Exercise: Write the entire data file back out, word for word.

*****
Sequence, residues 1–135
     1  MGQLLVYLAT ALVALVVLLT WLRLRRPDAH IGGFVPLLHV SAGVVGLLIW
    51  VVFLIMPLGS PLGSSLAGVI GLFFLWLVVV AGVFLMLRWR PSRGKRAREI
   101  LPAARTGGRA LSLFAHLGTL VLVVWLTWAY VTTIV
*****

Sequence, residues 1–135
     1  MGQLLVYLAT ALVALVVLLT WLRLRRPDAH IGGFVPLLHV SAGVVGLLIW
    51  VVFLIMPLGS PLGSSLAGVI GLFFLWLVVV AGVFLMLRWR PSRGKRAREI
   101  LPAARTGGRA LSLFAHLGTL VLVVWLTWAY VTTIV